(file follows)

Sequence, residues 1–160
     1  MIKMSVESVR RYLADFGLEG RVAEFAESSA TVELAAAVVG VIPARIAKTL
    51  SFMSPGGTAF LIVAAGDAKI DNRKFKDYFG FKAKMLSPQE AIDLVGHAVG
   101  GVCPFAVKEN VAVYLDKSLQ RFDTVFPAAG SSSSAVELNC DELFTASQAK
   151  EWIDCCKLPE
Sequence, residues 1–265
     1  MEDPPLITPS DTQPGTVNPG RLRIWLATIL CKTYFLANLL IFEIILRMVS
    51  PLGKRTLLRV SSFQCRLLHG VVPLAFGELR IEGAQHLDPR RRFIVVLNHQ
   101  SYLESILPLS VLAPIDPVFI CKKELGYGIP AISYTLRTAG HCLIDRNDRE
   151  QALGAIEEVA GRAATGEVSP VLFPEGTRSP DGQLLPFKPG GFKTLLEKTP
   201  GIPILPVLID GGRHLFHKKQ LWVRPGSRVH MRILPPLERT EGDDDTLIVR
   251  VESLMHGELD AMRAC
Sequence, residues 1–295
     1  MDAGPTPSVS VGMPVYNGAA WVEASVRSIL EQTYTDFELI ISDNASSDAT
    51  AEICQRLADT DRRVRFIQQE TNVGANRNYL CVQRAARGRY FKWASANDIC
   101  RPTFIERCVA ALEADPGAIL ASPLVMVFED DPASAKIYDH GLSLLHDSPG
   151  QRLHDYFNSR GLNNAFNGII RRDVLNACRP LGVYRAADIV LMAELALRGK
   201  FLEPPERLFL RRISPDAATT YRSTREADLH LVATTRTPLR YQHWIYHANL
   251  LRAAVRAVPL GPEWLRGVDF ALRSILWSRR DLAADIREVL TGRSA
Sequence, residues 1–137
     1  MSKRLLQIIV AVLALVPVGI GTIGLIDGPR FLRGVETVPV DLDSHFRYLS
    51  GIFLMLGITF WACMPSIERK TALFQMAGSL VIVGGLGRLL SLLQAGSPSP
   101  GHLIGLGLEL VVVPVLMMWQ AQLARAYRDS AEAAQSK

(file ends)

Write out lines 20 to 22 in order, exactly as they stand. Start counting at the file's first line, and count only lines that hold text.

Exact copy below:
Sequence, residues 1–137
     1  MSKRLLQIIV AVLALVPVGI GTIGLIDGPR FLRGVETVPV DLDSHFRYLS
    51  GIFLMLGITF WACMPSIERK TALFQMAGSL VIVGGLGRLL SLLQAGSPSP